• Our company websites (www.goldenstateflooring.com and www.higginshardwoods.com) where customers could see their statements, invoice history, payment history and view product information on our blowout sku’s. Everything on those sites was designed and built by me except the appearance.
  • One-Stop Reporting (see the attachment for more information). The concept behind One-Stop was to take multiple reports from our ERP (which often had very poor indexing) and combine them into a single interface (LAMP based) improving efficiency and speed (in some cases reducing a report from hours to seconds). It was focused on four specific areas: purchasing, sales, credit and customer data. For instance, One-Stop Sales allowed you to select from 15+ parameters (inside rep, outside rep, warehouse, sku) and run 6 different reports based around some of the same factors. So it was possible to see sales by rep by warehouse, sales by rep for a given sku, sales by inside rep for a sku, etc. Data was updated once/day.
  • There was also customized sales reporting for the outside sales team, including automated emails, that allowed a salesperson to view all of his sales, customer and credit information. Management could access it to see a salesperson’s performance.
  • We also did some work with exporting data to Sharepoint and SugarCRM. The latter was used by purchasing and we exported PO data to it and the former was for some simple KPI’s for individual warehouses.

This is a bit long but it does clarify the process we were using.

11 Jan

Creating a UNION statement in Cyberquery

I’m going to venture into something that is a small bit of risk, only because I no longer have access to Cyberquery documentation and that is how to perform a UNION using Cyberquery.  The reason for this is that, well, unless it’s been added, there is no such thing in Cyberquery.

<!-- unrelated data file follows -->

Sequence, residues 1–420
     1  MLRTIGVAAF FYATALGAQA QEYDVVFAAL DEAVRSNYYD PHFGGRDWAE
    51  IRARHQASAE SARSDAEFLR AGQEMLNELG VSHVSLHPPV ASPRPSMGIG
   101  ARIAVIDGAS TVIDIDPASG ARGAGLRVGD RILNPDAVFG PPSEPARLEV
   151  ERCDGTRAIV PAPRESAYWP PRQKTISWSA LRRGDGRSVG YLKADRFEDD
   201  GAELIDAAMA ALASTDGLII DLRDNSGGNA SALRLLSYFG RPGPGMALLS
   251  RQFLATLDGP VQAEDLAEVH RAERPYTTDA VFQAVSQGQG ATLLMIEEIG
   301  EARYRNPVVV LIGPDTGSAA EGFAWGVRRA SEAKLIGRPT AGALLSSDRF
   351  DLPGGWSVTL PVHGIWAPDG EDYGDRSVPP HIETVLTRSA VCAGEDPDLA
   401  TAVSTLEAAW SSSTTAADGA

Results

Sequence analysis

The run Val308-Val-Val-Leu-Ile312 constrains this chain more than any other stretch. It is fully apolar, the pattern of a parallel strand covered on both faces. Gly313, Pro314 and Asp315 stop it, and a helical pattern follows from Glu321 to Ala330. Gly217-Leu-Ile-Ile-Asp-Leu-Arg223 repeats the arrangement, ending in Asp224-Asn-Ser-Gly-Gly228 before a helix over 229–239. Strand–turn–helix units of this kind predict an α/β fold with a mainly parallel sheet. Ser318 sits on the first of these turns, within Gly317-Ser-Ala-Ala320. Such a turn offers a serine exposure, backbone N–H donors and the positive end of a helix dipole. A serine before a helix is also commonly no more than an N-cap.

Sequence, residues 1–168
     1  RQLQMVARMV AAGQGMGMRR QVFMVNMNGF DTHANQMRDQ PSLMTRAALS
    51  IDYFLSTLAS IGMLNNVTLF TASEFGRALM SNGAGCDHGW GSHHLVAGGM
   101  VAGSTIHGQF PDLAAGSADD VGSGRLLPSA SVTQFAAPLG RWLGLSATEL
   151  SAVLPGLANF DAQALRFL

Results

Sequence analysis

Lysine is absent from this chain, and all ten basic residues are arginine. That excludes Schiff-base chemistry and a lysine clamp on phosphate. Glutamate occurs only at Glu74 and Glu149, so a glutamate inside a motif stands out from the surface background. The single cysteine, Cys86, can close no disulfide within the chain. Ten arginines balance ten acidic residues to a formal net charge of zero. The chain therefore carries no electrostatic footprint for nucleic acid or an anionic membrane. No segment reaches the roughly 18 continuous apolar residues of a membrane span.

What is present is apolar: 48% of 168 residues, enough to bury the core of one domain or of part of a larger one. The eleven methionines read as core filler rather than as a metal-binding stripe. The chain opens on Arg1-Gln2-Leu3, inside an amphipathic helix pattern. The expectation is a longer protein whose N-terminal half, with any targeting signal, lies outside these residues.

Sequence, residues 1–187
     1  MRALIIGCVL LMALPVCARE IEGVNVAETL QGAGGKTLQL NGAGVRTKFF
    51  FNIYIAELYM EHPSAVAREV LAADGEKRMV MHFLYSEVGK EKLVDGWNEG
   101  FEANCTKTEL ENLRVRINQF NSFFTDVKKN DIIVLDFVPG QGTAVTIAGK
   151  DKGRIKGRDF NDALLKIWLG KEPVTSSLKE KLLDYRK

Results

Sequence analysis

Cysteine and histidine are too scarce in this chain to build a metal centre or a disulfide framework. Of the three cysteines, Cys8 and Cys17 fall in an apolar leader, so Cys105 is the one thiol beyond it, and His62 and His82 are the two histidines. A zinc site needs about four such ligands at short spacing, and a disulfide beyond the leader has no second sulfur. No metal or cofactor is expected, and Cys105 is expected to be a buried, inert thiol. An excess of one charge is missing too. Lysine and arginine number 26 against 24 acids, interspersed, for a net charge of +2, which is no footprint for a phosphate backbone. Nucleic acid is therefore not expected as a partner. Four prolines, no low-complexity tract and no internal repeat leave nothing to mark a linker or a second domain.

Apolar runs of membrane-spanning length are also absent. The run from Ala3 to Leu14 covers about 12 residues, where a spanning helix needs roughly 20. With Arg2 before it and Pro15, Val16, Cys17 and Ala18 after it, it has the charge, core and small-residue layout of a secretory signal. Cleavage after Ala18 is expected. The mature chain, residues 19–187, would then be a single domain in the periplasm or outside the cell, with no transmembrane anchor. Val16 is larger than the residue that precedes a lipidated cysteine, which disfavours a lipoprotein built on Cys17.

In case you don’t know a UNION done to combine the results of two queries.  For instance, you had monthly historical sales data that you had broken off from the main table and now you needed to combine 2005 and 2006 data for some reason.  In MySQL the syntax for a join is the following:

<pre>
mysql> SELECT 1, 2, 3 UNION SELECT 1, 2, 3;
+—+—+—+
| 1 | 2 | 3 |
+—+—+—+
| 1 | 2 | 3 |
+—+—+—+
1 row in set (0.00 sec)

mysql> SELECT 1, 2, 3 UNION ALL SELECT 1, 2, 3;
+—+—+—+
| 1 | 2 | 3 |
+—+—+—+
| 1 | 2 | 3 |
| 1 | 2 | 3 |
+—+—+—+
2 rows in set (0.00 sec)
</pre>

The first example uses the default syntax (you can also use the keyword DISTINCT after the UNION keyword) to produce the same result.  The ALL keyword combines all of the results and omitting it, or using the DISTINCT keyword, returns only unique results.  Also, to confuse the issue a tiny bit, Oracle has additional keywords like INTERSECT, MINUS and you can even do a MERGE instead of a UNION.

So, back to Cyberquery and creating a UNION in that environment.  Here is how I would go about creating the same queries in Cyberquery.  This example is based on a UNIX environment.  If you using it on a different platform the concepts will be the same but the commands will be different.

I would write 2 Cyberqueries:

var1 = 1;
var2 = 2;
var3 = 3;

List/hold=”query1″
var1
var2
var3

var1 = 1;
var2 = 2;
var3 = 3;

List/hold=”query2″
var1
var2
var3

This will create 2 files called query1.hf and query2.hf in, well, wherever your environment puts them.

To produce a UNION ALL from the 2 hold files.

mv query1.hf query1.bak
cat query2.hf >> query1.hf

This simply appends the data from query2 to query1 and any Cyberquery written against query1 would contain both results.

To produce a UNION DISTINCT.

mv query1.hf query1.bak
cat query2.hf >> query1.hf
uniq query1.hf > query3.hf
mv query3.hf query1.hf

In this case you are appending the duplicate data to the first file, then using the uniq command to create a new file with unique data in it, and then overwriting the first file with the uniq file.  Assuming the permissions are set correctly you shouldn’t have any problems doing this.  Oh, and the first mv command creates a backup in case you screw something up.

And, in case you are wondering, all a hold file is in the Cyberquery environment is a flat file with a definition file (hfd).  The definition file provides variable type and positional information so that a Cyberquery can read it and know what the data at column 7 means.

One last point.  Do not do this with different file layouts because the .hfd file won’t understand the positioning and you’ll get something akin to garbage when you try to run the Cyberquery.  The line lengths, and the data in each line, needs to be identical as far as positioning and type are concerned.  It will allow you to write the query, probably, based on the .hfd file but the results will be, at best, interesting.

Hope this helps the few remaining Cyberquery users out there.